The Mike Duffy trial resumed today following a three-week break with the judge siding with the defence on two issues, including allowing into evidence a Senate report that contained the findings of an independent audit into senators' office and travel expenditures.

But the trial, which began on April 7 in the Ontario Court of Justice in Ottawa, was abruptly adjourned for the day. Arguments were supposed to be heard over whether details of a separate 2013 internal Senate audit on the residency status of senators should be admissible. Those arguments have now been postponed.

Earlier, Judge Charles Vaillancourt had issued his ruling on the Senate report that included the findings of three audits that were carried out over the previous year by independent auditing firm Ernst and Young. The Crown in the trial in Ottawa had argued that the report should be disallowed, claiming its conclusions are hearsay and that it merely repeated or rubber stamped the findings of Ernst and Young, 

But Duffy's lawyer, Donald Bayne, had argued the report was an exception to the hearsay rule and should be admissible because it's a public document — it was made by public officials, intended to be a permanent record and accessible to the public — meaning it has "inherent reliability."

Vaillancourt agreed with Bayne that the report meets the definition of public document, and that he didn't find admitting it would result "in any issues of trial fairness."

Duffy has pleaded not guilty to 31 charges of fraud, breach of trust and bribery related to expenses he claimed as a senator and later repaid with money from the prime minister's former chief of staff, Nigel Wright.

Vaillancourt also ruled that a series of posts and comments associated with Duffy's Wikipedia entry and that reportedly defamed the suspended senator should not be admitted as evidence.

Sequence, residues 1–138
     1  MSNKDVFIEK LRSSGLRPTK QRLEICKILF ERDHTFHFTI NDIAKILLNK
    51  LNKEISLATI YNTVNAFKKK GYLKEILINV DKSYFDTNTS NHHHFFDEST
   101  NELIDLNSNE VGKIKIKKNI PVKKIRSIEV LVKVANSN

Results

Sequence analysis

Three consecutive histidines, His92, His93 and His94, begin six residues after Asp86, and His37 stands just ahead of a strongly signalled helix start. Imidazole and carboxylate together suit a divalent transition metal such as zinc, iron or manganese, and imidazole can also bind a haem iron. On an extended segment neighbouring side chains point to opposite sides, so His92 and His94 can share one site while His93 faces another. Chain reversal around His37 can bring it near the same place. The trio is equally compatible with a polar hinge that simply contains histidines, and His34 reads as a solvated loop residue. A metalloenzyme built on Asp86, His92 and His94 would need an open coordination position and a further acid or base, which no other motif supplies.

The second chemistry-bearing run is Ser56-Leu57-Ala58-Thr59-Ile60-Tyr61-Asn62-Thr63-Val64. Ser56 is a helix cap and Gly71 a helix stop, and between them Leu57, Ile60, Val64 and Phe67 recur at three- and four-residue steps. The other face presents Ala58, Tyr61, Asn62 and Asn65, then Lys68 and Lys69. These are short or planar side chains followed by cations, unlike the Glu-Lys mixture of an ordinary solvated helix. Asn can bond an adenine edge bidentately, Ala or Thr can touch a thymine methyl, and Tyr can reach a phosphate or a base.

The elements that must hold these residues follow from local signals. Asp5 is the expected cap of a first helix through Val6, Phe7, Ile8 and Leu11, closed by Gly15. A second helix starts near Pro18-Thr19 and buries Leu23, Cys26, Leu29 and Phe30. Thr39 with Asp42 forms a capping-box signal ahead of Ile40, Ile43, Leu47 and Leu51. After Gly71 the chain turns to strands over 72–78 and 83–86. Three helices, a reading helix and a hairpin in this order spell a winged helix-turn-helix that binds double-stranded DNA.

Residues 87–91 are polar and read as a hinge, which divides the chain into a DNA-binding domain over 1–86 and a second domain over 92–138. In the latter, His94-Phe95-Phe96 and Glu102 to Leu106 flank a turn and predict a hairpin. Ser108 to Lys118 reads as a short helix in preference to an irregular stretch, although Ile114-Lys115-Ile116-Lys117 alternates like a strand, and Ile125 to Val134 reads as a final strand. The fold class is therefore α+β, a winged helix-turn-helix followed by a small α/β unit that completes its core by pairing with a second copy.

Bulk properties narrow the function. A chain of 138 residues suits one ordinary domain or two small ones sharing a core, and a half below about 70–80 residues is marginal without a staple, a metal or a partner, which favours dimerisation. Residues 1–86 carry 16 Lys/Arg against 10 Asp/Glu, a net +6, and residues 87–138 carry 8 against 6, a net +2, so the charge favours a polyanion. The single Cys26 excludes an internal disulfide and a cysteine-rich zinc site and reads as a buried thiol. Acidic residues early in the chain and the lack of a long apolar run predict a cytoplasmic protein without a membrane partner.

The Crown had attempted  to persuade Vaillancourt to add the documents to the official trial record due to concerns the contents had been inaccurately portrayed during Bayne's cross-examination of freelance journalist Mark Bourrie last month.

Bayne, at the time, had suggested the comments about Duffy were so defamatory that "nobody deserves this kind of material on the public record."

Vallaincourt concluded that it was "not necessary" to enter them, as neither the Crown nor, for the most part, the defence referred to them. "At the end of the day, I considered them, at best, theatrical props," Vaillancourt conclude.

The 23-day-old trial has yet to hear from important witnesses, including other senators, Duffy's business associate Gerald Donohue, Wright and Duffy himself.

The case  had been slated for 41 days, but both the Crown and defence made it clear during the trial they would need more time. The second part of the trial is scheduled to end June 19, before resuming yet again at some undisclosed date.

Bribery charge

While the bribery charge has grabbed the most headlines, it has barely been mentioned.

Instead, Crown prosecutors Mark Holmes and Jason Neubauer spent the first 22 days slowly building their case, alleging Duffy committed fraud and breach of trust (a charge specific for parliamentarians) by willfully ignoring Senate rules and claiming expenses for services that served no parliamentary function. Court has heard from top Senate administrative officials who have, in painstaking detail, gone over those rules. 

The Crown has also zeroed in on a series of Duffy's travel expenses they allege were claimed for partisan fundraising events. Some Conservative MPs have testified that Duffy, a popular draw, was asked to and agreed to participate in such political events.

Bayne spent days cross-examining some Senate administrative officials, poring over Senate rules with those witnesses, arguing the regulations Duffy is accused of contravening were unclear and ambiguous.

Bayne has suggested that the expenses in question were all allowed under the rules laid out in Senate guidelines, and all legitimate part of parliamentary functions, 

Bayne has defended the travel expenses, arguing the Senate administrative rules explicitly state that partisan activities are an essential part of a senator's duties, adding that nowhere in those rules does it define the term "partisan."

With files from Kady O'Malley and The Canadian Press